There once was a magical land where a king and the wealthy class owned all the businesses and oversaw thousands of skilled workers. The king and his Court never dared thank or speak to those toiling workers about their lives and how the various businesses could be improved. Soon workers were despondent, uncaring and bad- mouthing both the king and the land they used to love. Their work suffered and as a result, businesses stopped growing and profits fell.

Sound like a fairy tale or dare I say it….your law firm!

Now more than ever, it is truly important to VALUE your non-equity employees and seek their feedback. Law firms who do will quite simply, in my opinion, make more money.

Here is why:

  1. Your associates and staff are ambassadors for the firm. If they are happy and involved in matters involving the firm, they will communicate that to others. They will speak highly of the firm and put a positive spin on what is happening there.
  2. Happy employees do more high quality work than those who are disengaged and see the hours at the firm as “just a job”.
  3. Happy and involved employees are more likely to deliver outstanding service to clients and go beyond what is expected.

These three reasons all add up to greater revenues.

So what should your firm do?

There are some “bare minimum” activities that each firm should engage in to help insure the happiness of their workforce.

  • The leaders of the firm should meet quarterly with both staff and associates and thank them for their work and describe what is happening at the firm (great victories, new personnel, new clients, new technology etc.).
  • Feedback should be solicited. Some firms have suggestion boxes. Some have scheduled all lawyer/all employee sessions with the Managing Partner where concerns are raised– and others have a 3rd party meet with their staff and associates as I have done many times. What you get from these sessions is amazing. At one I ran, associates pointed out numerous ways to reduce non-billable time, deliver better service to clients and gain better information on the firm’s strengths which they could convey to others. Firms need to be receptive to this kind of feedback and willing to make changes based on it.
  • Involve non-equity owners. Associates WANT to be involved in firm committees. They want to know the firm’s strategic plan so they can help push it along. Staff wants to have a regular voice and provide muscle to new initiatives that can streamline client service.
  • Look for and engage the special talents of your staff. One leading Chester County firm recently made their terrific “File Manager” the chief writer and publisher of the firm’s brand spanking new internal newsletter. The newsletter is filled with great information about the firm and cheerful biographies of various staffers. It conveys great information and literally makes employees smile.
  • When big decisions or plans are being launched, tell your people about them. It seems so simple but many firms do not solicit input from their associates and staff –or inform them about changes in the billing system, new technologies, visual identity standards, relocations or decisions to expand their client base into new industries and markets. These folks have great ideas and connections which can all help move the ball forward for your firm. And yes, having a voice and being informed does correlate with happier, more productive employees.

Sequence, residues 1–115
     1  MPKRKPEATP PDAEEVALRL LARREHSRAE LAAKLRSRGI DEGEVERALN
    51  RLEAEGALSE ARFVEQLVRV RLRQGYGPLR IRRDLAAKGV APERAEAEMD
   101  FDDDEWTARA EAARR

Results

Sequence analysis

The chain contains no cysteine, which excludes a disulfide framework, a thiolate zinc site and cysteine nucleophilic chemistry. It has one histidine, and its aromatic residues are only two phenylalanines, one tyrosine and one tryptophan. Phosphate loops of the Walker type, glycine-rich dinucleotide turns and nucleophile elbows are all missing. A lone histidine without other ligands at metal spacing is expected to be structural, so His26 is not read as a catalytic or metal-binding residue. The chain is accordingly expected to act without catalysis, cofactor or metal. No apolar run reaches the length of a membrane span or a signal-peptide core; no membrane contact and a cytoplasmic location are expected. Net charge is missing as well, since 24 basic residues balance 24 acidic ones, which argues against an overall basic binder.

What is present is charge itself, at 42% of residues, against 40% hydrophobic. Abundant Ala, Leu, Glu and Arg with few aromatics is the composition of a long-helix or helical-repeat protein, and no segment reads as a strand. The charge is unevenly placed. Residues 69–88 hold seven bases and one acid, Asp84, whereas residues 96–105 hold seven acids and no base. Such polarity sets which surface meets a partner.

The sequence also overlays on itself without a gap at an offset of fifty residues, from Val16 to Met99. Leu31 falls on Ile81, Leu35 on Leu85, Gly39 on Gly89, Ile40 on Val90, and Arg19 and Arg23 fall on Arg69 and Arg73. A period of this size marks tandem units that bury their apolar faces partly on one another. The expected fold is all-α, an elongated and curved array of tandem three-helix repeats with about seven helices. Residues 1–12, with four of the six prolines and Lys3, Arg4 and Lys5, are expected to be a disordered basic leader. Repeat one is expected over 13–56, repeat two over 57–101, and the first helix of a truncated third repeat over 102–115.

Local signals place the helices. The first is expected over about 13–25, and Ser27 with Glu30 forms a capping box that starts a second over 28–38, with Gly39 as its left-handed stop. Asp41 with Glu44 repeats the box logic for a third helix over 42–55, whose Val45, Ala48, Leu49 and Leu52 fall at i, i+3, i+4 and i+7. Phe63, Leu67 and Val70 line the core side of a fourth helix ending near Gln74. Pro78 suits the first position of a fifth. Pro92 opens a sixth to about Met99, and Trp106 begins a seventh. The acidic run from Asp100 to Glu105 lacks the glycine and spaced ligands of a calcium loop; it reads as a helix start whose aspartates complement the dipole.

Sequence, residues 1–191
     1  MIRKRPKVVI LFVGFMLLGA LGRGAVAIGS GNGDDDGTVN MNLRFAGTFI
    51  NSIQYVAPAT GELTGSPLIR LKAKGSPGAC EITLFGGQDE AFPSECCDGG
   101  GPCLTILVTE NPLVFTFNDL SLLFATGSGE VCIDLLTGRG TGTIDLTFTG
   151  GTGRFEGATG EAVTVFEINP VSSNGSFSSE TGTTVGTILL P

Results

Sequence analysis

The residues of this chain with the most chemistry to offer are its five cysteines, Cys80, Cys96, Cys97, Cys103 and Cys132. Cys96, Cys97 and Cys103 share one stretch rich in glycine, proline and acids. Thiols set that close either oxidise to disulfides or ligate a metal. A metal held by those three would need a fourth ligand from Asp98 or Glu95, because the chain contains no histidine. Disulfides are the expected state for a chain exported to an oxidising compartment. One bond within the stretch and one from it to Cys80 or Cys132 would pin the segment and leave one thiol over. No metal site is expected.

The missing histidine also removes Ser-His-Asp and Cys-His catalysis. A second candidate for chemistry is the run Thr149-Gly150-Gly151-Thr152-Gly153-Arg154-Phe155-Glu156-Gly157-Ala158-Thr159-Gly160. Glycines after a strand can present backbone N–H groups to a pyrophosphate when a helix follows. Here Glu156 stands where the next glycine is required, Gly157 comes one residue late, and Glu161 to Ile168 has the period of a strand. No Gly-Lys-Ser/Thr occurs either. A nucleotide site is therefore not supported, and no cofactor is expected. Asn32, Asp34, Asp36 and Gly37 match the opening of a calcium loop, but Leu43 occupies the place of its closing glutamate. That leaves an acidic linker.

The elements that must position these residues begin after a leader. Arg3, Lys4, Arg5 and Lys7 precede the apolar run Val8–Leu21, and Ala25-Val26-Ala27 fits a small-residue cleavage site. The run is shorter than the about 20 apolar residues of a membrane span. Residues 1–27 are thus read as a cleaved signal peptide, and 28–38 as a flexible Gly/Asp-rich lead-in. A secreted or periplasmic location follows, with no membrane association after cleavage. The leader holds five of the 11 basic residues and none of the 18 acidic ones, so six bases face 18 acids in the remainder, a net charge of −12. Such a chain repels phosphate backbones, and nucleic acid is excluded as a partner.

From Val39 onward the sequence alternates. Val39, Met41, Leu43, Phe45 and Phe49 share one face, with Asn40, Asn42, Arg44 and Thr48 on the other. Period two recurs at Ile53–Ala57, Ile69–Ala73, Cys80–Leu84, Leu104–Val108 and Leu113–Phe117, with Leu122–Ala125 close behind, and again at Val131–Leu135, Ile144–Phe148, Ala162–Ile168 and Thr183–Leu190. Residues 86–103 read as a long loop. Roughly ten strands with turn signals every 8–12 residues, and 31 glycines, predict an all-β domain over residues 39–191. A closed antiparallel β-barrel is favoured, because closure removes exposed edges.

• Educate your attorneys and staff on things outside the practice of the firm which can really help the firm grow revenues. For example, teach associates how to network effectively. Teach staff the elements of a first impression and their role as representatives of the firm. Ask them what they would like continuing education on in the future.
  • Mentor. Take associates to pitch meetings and client interviews (Tell the client they are not being billed at all for the lawyers’ time). Let them see and be part of the marketing process. Enlist your staff’s help in identifying who they know at various target companies or industries. Teach them how to use free databases to help with marketing research tasks. Keep them posted on how the effort to grow a client or bring in a new one is going.
  • Spend time together. Schedule regular events which all attorneys and staff must attend! It does not work if only the staff shows up and a handful of lawyers. I have touted Hangley Aronchick in the past for having weekly all personnel lunches where lawyers and staff break bread together in their largest conference room and sample various caterers’ fare. It is part of their culture now. I am sure this simple event has translated into a happier workplace—which in turn has created greater client satisfaction there. I recently learned that they expanded the conference room to accommodate more! I have suggested to several firms that they select a charity or endeavor of great interest to one of their key clients and engage all of their lawyers and staff to work with the client’s personnel to effectuate great change. These events work on many levels.

So when we look at different ways for a firm to grow its business and deliver outstanding service, let’s not neglect some of the easiest things to do. Involve your employees—empower them. And you will reap the rewards of that effort.

Stacy West Clark has been helping Philadelphia lawyers and law firms expand their practices for more than 20 years. She is a former attorney with Morgan Lewis & Bockius and was the firm’s first marketing director. She is president of Stacy Clark Marketing,, a firm that helps law firms grow their businesses.